If your organization is faced with the real possibility that it could be involved in a crisis centered on a controversial issue or development, the one thing you should be able to do is trust that your PR advisors are on your side.

Unfortunately, it’s not uncommon for some organizations to seek and receive counsel from PR advisors who may not quite have the best interests of the organization in mind. To be clear, we’re not talking about spies or subversive activities. We’re not talking about PR professionals who would intentionally do you harm. We’re not advocating a surrender of professional objectivity and detachment in favor of accepting only the client’s side of the story. And we’re not focused on PR professionals who are pushing the boundaries of PR ethics.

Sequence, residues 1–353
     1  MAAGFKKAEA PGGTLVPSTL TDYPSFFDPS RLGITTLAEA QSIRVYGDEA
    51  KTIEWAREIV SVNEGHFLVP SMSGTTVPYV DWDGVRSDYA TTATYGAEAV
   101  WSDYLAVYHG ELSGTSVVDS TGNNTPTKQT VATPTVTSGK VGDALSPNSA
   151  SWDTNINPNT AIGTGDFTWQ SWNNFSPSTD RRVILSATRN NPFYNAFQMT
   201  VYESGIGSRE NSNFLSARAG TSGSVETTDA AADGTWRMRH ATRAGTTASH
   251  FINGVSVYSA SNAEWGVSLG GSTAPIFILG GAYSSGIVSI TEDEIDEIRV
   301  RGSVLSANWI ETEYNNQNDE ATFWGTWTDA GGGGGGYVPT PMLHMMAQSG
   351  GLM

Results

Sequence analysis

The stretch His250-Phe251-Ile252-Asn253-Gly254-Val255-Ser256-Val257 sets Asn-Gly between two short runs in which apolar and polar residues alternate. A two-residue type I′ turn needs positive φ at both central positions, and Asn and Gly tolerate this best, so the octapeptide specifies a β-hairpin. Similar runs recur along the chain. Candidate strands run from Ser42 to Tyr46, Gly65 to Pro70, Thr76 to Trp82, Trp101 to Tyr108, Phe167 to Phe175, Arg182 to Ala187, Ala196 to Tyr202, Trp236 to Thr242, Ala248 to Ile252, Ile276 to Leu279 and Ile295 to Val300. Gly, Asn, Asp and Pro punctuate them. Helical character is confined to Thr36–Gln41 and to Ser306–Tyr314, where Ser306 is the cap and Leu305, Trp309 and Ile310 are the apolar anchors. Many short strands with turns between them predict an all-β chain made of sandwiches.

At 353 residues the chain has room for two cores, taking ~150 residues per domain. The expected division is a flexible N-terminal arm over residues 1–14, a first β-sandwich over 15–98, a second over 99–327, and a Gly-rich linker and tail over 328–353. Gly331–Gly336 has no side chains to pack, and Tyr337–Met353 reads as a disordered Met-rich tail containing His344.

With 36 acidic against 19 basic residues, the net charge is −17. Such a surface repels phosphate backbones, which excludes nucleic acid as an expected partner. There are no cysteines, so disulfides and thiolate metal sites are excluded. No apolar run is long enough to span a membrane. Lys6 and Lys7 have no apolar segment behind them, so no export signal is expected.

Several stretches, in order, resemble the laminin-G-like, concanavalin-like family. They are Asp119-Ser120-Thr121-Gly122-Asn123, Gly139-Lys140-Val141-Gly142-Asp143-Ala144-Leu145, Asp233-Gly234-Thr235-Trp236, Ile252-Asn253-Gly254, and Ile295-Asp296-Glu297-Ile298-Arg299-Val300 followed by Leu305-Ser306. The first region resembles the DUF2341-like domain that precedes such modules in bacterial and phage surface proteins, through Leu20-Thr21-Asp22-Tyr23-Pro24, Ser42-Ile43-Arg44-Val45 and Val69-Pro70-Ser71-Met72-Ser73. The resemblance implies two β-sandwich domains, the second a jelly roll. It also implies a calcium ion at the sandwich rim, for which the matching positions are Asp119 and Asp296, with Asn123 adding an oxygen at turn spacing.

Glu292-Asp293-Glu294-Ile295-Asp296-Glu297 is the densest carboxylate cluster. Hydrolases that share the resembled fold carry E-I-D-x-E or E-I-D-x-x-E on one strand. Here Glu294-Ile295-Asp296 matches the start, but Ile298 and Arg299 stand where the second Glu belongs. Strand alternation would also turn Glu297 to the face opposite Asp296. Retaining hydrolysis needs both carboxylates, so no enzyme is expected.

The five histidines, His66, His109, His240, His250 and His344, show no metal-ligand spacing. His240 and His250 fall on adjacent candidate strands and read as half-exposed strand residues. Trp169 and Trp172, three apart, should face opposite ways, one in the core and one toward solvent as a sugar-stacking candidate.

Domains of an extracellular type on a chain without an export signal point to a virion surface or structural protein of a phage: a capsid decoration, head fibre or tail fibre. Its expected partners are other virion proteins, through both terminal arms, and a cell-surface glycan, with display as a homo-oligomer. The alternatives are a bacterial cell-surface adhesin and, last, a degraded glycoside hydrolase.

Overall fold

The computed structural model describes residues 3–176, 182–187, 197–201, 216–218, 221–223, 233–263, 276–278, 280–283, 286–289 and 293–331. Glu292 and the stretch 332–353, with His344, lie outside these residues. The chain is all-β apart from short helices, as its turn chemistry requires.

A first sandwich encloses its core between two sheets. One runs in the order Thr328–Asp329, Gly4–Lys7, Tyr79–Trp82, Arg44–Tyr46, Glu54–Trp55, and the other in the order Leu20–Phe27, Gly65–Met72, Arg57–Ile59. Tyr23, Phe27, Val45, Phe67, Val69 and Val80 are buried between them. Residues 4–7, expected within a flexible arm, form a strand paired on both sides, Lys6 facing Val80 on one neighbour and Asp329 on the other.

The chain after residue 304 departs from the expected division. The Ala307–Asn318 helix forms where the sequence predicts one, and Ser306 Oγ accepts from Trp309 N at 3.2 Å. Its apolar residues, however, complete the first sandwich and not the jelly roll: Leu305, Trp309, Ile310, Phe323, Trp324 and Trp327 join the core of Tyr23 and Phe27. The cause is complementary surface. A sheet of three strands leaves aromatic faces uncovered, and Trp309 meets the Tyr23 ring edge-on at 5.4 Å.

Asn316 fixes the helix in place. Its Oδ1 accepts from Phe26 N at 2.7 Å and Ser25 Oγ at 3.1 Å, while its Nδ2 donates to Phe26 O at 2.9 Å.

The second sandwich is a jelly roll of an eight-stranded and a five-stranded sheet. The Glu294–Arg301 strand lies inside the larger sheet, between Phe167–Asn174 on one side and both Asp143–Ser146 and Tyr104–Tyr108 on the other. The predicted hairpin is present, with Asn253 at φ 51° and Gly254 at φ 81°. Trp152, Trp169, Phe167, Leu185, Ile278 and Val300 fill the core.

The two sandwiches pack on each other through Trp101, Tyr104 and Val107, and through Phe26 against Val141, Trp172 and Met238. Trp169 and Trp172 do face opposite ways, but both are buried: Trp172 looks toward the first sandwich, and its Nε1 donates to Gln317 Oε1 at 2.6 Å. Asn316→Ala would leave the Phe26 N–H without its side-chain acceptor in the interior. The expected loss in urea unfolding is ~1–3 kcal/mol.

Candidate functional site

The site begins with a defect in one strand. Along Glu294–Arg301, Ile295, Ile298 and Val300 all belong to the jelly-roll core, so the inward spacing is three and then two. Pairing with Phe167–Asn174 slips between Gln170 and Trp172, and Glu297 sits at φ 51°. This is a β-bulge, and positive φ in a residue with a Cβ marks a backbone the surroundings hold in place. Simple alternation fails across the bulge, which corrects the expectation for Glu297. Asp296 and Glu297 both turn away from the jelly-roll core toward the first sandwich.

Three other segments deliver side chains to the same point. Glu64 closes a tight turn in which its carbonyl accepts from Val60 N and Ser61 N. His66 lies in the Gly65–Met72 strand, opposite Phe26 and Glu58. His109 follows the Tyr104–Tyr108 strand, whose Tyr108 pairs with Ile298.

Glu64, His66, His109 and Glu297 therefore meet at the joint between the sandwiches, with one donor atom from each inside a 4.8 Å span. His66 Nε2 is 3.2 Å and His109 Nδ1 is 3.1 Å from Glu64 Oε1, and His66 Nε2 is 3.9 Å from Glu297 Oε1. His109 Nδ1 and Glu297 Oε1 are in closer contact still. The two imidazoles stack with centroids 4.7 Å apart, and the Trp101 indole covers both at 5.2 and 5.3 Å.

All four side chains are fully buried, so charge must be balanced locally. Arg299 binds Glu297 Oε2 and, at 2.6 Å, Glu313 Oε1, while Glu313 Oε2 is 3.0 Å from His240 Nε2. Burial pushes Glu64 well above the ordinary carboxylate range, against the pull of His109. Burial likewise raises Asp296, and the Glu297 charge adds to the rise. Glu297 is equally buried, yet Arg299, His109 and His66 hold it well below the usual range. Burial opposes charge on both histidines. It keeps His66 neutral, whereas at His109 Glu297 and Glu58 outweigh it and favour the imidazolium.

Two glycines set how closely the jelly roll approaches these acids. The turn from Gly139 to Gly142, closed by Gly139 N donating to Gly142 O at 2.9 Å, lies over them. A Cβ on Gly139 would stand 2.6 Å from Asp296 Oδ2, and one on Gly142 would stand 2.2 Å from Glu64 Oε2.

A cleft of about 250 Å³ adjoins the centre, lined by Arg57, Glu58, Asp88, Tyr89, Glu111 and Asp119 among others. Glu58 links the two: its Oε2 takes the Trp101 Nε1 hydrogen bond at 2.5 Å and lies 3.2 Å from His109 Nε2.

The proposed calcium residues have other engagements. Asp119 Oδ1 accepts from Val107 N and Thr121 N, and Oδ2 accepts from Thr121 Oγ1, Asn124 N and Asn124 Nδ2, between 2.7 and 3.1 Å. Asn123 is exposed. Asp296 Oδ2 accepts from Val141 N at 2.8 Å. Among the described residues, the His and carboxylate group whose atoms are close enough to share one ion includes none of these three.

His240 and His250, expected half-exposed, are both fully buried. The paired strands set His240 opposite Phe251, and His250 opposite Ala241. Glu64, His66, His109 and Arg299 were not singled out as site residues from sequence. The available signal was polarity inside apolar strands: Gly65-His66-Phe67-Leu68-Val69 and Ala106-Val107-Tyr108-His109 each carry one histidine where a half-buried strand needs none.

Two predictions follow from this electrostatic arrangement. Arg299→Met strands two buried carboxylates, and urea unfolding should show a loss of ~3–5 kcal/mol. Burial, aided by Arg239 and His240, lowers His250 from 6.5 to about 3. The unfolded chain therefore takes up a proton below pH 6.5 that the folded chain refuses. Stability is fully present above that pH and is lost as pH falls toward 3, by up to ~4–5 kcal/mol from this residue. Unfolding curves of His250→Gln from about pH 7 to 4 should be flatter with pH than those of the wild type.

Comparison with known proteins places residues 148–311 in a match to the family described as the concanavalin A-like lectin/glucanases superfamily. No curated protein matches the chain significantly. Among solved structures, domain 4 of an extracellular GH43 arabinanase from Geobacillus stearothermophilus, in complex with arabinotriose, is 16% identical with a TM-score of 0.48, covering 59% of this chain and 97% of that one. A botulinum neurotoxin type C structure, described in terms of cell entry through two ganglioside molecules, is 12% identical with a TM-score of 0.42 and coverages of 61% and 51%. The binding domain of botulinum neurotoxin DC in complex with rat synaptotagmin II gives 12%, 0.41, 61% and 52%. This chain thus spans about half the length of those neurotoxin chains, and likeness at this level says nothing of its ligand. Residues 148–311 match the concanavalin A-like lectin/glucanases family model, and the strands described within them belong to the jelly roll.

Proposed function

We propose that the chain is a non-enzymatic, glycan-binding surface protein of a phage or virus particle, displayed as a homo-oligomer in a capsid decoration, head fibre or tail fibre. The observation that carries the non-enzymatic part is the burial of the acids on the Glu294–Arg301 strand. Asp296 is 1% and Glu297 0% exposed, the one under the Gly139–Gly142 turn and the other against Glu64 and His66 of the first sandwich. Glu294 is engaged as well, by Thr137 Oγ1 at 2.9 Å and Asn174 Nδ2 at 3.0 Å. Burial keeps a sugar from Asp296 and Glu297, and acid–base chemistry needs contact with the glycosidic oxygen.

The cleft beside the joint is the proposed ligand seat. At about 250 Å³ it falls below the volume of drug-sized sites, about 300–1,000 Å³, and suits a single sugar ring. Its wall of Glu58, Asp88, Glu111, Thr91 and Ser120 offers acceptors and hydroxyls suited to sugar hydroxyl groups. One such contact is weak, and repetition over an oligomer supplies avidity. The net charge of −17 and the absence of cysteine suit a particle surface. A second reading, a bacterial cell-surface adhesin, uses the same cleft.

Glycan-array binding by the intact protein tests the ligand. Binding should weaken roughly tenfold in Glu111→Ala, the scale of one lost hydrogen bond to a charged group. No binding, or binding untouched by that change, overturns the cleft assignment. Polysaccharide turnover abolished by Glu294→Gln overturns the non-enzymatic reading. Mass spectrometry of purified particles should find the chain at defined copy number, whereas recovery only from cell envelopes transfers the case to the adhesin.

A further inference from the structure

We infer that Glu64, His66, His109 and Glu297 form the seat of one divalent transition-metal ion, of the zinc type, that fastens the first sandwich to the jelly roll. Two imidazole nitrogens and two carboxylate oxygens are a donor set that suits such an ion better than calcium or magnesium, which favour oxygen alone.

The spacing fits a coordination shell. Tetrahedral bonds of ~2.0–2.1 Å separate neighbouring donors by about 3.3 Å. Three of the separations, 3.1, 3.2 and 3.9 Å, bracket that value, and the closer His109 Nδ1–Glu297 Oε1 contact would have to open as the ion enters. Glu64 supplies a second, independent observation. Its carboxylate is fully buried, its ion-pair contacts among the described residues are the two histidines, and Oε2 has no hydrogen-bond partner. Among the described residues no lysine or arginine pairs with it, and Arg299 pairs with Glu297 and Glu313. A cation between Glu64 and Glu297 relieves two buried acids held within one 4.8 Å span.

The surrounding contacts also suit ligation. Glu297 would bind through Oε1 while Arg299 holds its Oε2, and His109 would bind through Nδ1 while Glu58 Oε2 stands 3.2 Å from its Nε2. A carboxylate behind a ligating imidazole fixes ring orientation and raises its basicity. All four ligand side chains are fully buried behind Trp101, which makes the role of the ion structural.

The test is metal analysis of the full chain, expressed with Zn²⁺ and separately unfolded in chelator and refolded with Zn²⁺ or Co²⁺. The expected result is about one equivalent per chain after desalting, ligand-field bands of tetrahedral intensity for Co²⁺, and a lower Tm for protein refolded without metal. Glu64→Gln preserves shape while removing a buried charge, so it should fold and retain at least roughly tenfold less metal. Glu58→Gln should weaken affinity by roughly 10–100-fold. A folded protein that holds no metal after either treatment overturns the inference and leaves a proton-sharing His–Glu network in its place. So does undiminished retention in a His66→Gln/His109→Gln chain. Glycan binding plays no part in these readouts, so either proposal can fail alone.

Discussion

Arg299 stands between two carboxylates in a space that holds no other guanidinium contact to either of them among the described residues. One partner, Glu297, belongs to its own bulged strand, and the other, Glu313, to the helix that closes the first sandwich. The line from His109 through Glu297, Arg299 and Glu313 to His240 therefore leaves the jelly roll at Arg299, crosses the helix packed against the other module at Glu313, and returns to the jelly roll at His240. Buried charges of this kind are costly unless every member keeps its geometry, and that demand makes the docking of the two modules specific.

What we are talking about are those whose hearts simply may not be where yours may be – PR advisors who may be happy to get paid to provide PR service to you all within the bounds of ethics, but their sentiments may align a little more closely with your critics. When this happens, you’re likely to get and take advice from someone who has already accepted the premise of your critics’ attacks. Their inherent bias clouds their ability to provide the counsel you need. So much so that your critics’ reality is your PR advisor’s reality. That’s dangerous.

Here are a few hypothetical examples.

Apologize First, Ask Questions Later